Interview

Retiring a research lab

Courtney Chandler
May 3, 2024

Research labs are typically helmed by a primary investigator who metaphorically steers the ship. But what happens when a researcher retires? Does the science carry on?

To better understand the outcomes of PI retirement, I talked with Art Spector. Spector retired as an emeritus professor of biochemistry at the University of Iowa Carver College of Medicine in 2007, after 39 years on the faculty. He explained his retirement process, including what happened to his lab. 

Art Spector retired in 2007 after 39 years on the faculty at the University of Iowa Carver College of Medicine.
Courtesy of Art Spector
Art Spector retired in 2007 after 39 years on the faculty at the University of Iowa Carver College of Medicine.

Thinking about retirement

Spector said to start planning retirement early — maybe earlier than you’d think.

“Begin to consider retirement far in advance so you have sufficient time to come up with a well-thought-out plan and do not have to make snap decisions at the end,” he said.

His university recommended researchers begin interacting with the human resources department at least five years before a possible retirement date, and Spector found these interactions helped him plan. Informing appropriate administrators such as department heads and deans can give them sufficient time to formulate plans for your position, lab space, and other resources.

Beyond the administrative tasks associated with retirement, Spector said the most important thing to consider is the laboratory personnel. He advises against taking on any new students or trainees if you might retire before they have a chance to complete their studies.

“If there are students or trainees who have not finished, (you) should take an active role in helping them find suitable places to continue their work,” Spector said. “The investigator should provide whatever assistance may be needed.”

Stopping research — or not

If you’re thinking about retiring, you’re probably also thinking about when and how to shut down your lab. Spector recommends submitting your final research papers before closing your lab so you can finish any additional experiments requested during review.

“Many investigators wait to write up their final studies until after retirement, and this may work out well for some,” Spector said. “However, it can be frustrating to have a paper rejected by the journal of choice because of reviewers’ concerns that could be easily overcome if the laboratory facilities, personnel and reagents were still available.”

Beyond reviewer-requested experiments, do researchers actually keep doing research after they retire? That answer seems to be personal — some continue at the bench in a limited capacity, while others happily say goodbye to the lab life.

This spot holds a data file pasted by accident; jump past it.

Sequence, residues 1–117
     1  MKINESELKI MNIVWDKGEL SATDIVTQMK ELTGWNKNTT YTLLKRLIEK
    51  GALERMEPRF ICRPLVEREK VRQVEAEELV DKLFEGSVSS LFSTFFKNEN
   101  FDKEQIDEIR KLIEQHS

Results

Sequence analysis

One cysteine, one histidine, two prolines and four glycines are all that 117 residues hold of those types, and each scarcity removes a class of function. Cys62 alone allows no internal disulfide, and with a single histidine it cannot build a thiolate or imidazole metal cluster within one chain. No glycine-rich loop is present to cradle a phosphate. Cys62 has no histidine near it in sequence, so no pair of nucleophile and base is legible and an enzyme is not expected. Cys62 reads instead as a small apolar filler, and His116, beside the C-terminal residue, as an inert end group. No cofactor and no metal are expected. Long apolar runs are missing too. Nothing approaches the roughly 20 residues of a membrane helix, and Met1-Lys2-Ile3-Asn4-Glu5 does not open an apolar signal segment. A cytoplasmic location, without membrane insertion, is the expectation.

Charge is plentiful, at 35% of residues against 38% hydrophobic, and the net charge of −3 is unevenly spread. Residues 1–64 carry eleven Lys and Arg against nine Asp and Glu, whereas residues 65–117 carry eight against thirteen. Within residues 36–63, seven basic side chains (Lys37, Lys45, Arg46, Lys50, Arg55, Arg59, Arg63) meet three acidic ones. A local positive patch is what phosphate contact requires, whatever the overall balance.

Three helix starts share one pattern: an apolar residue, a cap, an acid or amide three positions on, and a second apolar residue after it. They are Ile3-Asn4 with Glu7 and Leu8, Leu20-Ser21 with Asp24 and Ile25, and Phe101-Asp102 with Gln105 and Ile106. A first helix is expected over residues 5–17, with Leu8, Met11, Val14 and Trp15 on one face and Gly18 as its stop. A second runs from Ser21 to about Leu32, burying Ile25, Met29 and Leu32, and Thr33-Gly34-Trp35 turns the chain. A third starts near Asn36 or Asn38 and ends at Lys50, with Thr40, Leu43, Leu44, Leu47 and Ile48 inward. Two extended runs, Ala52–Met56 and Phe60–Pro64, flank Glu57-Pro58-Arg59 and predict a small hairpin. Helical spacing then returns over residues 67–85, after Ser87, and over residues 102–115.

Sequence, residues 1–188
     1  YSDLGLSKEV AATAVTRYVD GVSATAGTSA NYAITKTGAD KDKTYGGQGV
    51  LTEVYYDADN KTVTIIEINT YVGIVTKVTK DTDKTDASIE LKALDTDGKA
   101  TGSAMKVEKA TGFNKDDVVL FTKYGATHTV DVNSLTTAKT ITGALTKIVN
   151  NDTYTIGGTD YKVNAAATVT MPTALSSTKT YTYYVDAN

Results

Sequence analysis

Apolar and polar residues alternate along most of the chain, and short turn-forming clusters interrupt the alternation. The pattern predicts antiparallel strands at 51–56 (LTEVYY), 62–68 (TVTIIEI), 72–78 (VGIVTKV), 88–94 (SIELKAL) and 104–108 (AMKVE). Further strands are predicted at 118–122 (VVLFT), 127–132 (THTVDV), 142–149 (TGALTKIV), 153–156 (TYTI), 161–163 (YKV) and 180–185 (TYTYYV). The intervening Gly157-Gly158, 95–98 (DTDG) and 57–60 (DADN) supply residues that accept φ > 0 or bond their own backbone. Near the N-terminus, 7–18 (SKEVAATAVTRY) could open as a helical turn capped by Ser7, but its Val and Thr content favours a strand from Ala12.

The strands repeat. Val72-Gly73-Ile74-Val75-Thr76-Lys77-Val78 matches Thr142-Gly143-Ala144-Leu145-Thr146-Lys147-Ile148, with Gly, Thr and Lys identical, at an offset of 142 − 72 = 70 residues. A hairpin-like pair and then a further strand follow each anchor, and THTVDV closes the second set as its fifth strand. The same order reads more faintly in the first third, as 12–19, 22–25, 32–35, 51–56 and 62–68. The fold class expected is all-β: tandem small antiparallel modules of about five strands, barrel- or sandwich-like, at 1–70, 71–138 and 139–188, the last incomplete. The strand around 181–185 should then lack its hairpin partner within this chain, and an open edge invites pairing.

Spector did not stop completely. “I kept my laboratory open for one year to finish an ongoing project with the help of a long-time research assistant and several faculty collaborators,” he said.

It’s unlikely that every research project will be perfectly aligned to end at the same time, so it’s not uncommon for newly retired researchers to tie up loose ends. In general, though, most research projects wrap up soon after an investigator retires.

“A project is the creative work and reflects the personal interests of the investigator,” Spector said. “No one can fully take it over.”  

What’s next?

What comes after retirement varies by person. If an investigator wants to stay involved in their research field, Spector said, there are myriad ways to do so without running a lab.

“Remember that your scientific expertise does not suddenly disappear when you retire,” he said. “The key is to seek opportunities and not wait for them to fall into your lap.”

If you want to stay research-adjacent, Spector recommends offering to review papers or grant applications, or writing review articles. You might be able to work part-time with a laboratory to help mentor students and help develop new research directions.

Spector himself became a special volunteer at the National Institutes of Health after moving to Maryland. In this role, he advises staff scientists and trainees on the lipid aspects of their work, his area of expertise.

“While I do not have my own project,” he said, “this affiliation has enabled me to remain at least partially active in my research field without the pressures of running my own laboratory.”

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Courtney Chandler

Courtney Chandler is a biochemist and microbiologist in Baltimore, Md., and a careers columnist for ASBMB Today.

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